Not Exactly A Tea Party Here

Live at the Boston Tea Party Vols. I and II (Original Masters)
Fleetwood Mac,

By Jeff Kallman

For those who still manage to believe otherwise, Fleetwood Mac existed long before first Bob Welch and then the Buckingham-Nicks axis helped push the aggregation irrevocably into the pleasant but hardly inspiring winds of California air-rock. And the original Fleetwood Mac was one of the best blues-rooted bands in the business, not to mention one of the most popular in England and Europe, they sold records comparably to the Rolling Stones and the Beatles; in the U.S., they were one of the best-drawing live performance attractions in the business.

Unfortunately, they were also one of the most star-crossed bands in the business as well very soon after the performances which yielded up this disc set were recorded, lead guitarist/chief songwriter/founding father Peter Green was out and slide guitarist Jeremy Spencer was gone not long afterward Green to a twenty-something year sleepwalk in a haze of mental illness triggered by LSD, with only occasional stabs at recording; Spencer to the notorious Children of God religious cult ... and that was only the beginning of the Mac's peculiar ride up and down the seasons in hell!).

Which makes this set as much a last testament as anything else, but before those crackups, Fleetwood Mac stood for both solid and often expansive blues rock and a penchant for ribaldry which took on hilarious extremes while striding just short of the downright profane. (Recall, if you will, Spencer's habit of tying beer-filled condoms to the tuning keys on his guitar, cracking bawdy both during and between songs, and his rip-roaring parodies of original-era rockers.) And you get liberal doses of it on this set.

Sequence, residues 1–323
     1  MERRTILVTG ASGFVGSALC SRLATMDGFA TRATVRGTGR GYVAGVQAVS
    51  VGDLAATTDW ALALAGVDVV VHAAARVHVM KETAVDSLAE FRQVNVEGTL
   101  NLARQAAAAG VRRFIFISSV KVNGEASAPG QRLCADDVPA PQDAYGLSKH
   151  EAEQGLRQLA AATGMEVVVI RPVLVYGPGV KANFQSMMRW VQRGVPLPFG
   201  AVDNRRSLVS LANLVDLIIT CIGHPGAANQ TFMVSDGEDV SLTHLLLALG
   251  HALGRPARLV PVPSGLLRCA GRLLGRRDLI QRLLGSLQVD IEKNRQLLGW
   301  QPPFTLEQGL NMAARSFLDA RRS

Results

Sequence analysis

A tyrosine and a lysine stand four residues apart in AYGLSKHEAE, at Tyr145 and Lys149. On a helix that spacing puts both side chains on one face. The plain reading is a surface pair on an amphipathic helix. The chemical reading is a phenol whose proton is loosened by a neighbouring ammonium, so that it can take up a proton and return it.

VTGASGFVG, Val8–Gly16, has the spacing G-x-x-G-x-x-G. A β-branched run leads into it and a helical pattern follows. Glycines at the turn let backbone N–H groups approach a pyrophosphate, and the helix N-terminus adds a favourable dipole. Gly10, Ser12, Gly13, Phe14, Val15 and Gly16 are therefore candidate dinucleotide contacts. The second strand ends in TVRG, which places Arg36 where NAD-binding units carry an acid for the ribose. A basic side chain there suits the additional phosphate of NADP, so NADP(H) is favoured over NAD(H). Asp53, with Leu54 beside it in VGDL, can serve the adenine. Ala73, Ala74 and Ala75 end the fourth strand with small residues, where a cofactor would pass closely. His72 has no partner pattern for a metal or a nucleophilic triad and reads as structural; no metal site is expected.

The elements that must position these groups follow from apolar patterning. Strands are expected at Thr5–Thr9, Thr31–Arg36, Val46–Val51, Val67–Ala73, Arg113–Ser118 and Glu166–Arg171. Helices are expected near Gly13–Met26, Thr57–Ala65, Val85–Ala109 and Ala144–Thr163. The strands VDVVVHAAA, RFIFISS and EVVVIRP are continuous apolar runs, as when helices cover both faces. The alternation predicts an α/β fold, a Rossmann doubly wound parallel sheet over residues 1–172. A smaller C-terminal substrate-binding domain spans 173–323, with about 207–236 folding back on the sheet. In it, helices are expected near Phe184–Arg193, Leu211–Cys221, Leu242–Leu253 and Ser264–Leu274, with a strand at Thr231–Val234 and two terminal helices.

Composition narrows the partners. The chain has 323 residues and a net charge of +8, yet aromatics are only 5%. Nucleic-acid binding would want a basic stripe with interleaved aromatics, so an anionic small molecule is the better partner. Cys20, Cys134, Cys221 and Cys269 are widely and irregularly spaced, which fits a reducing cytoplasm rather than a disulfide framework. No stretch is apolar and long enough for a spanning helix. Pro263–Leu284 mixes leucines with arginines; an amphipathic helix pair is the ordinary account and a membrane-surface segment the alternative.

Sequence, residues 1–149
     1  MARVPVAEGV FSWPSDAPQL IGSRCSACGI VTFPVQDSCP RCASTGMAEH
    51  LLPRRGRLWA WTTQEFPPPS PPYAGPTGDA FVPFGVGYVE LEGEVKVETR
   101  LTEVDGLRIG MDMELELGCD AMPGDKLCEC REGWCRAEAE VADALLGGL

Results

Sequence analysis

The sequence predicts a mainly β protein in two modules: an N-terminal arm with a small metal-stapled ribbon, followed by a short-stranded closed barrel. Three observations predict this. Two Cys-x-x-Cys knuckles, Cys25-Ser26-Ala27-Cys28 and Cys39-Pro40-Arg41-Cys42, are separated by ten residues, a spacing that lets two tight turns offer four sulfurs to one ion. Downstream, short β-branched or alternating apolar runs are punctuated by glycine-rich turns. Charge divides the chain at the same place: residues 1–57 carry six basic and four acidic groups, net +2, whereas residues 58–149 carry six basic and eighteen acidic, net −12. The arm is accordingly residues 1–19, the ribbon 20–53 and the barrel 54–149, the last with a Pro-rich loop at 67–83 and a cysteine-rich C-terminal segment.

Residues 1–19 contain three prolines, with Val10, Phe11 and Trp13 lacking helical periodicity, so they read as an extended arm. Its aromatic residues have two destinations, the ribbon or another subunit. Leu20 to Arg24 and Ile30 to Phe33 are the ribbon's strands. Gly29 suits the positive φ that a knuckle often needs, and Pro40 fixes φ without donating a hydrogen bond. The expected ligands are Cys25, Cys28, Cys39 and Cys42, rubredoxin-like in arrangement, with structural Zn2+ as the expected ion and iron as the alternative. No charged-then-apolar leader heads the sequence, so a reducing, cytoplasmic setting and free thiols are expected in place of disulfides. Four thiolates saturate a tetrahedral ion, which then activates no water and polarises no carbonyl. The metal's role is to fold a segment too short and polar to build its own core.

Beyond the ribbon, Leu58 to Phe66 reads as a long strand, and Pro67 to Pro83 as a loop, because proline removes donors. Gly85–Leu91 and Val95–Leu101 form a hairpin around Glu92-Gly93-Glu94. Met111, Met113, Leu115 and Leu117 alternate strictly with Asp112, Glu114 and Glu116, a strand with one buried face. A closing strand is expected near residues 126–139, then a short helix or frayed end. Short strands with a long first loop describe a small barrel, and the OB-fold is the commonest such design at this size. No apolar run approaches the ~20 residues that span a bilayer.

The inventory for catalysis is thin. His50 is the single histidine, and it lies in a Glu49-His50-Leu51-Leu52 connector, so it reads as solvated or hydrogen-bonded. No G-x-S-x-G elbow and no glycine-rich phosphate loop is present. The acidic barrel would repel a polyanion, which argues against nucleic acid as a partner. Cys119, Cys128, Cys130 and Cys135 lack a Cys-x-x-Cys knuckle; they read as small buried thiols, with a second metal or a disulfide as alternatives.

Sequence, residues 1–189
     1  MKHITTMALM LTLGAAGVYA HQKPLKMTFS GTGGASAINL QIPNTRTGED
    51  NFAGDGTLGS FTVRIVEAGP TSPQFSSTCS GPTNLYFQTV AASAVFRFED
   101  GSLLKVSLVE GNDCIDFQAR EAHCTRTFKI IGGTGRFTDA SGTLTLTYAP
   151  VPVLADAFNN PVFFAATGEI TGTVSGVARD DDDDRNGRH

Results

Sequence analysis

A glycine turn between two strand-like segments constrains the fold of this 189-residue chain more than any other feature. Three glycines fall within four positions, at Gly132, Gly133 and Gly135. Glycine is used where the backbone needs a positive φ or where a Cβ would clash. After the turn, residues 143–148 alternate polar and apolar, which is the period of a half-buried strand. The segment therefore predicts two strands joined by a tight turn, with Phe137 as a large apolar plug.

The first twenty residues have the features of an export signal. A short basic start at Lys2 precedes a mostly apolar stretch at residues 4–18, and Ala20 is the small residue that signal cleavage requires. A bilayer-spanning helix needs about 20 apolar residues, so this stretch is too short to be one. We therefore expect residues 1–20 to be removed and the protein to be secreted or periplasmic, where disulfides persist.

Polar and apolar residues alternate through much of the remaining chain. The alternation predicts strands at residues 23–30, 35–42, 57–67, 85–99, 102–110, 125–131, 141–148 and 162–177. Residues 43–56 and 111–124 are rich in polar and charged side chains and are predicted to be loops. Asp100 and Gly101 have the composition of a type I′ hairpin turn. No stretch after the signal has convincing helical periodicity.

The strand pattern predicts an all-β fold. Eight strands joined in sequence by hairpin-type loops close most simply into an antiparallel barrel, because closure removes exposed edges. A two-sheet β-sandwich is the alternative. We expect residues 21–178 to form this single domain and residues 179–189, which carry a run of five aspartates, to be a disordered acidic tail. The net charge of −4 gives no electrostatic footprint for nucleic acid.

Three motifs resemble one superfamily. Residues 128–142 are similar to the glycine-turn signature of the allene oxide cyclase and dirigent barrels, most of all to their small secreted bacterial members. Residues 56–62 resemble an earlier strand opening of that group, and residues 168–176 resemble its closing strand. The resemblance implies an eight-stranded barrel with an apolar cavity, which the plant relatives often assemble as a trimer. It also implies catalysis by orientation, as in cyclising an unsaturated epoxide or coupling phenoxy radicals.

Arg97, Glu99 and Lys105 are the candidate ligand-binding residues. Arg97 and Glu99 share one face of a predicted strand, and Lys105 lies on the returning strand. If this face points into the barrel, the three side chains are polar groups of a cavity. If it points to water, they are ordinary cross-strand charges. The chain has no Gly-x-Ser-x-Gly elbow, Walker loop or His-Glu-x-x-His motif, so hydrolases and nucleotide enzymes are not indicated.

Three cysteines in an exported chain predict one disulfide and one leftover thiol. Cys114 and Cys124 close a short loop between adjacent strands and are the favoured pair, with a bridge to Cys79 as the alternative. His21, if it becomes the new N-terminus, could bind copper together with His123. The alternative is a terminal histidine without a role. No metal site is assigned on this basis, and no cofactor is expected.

You also get several examples of why, when the clowning was kept to a dull roar, Peter Green's Fleetwood Mac had such a looming reputation the playing is passionate, the band's triple guitar attack (Green's spare, fluid minor blues lines, Spencer's shivery slide guitar, Danny Kirwan's chunky chords and slick-fingered solos, responses, and harmonic lines) is in clean sync, clearly an inspiration, however accidental, upon the morass of harmony guitar and triple-guitar bands who snaked around the early-to-mid 70s; and, the rhythm section John McVie (bass) and Mick Fleetwood (drums) oils the machine just so and doesn't forget about cutting a clean groove no matter what the front line is up to.

"Black Magic Woman" kicks it off supremely, Green delivering his voodoo blues classic as though there is a hellhound on his trail (small wonder Carlos Santana thought he could do something with that song!) until the band turns fear to reality with a fierce shuffle rideout for Green to peel off one after another sleek but understated guitar line. "Like It That Way" has Green and Kirwan trading lines over a rip-snorting swing in a spry duel duet and Spencer sneaking in midway home with an almost snickering slide round. Spencer gets generous space for his rock parodies ("Keep A Knockin'" is positively salacious) and the band partakes with shameless abandon.

There are also two extended jams on Green's ribald "Rattlesnake Shake" the first one beats the Grateful Dead at their own game (which isn't hard if you consider the Dead at their least flighty couldn't cut a proper groove with a chain saw) and keeps things thematically consistent even when flying off into blues subspace. The second (on Vol. II) stumbles in portions Kirwan in places sounds like a nervous wreck, and Green and Spencer at times are uncertain about the themes they're hanging onto but is still worth hearing.

The end result is, those who were there will likely mourn that such a striking band imploded so prematurely, while those who were not but have wondered about their near-legend will get a better than expected taste of what justifies that legend.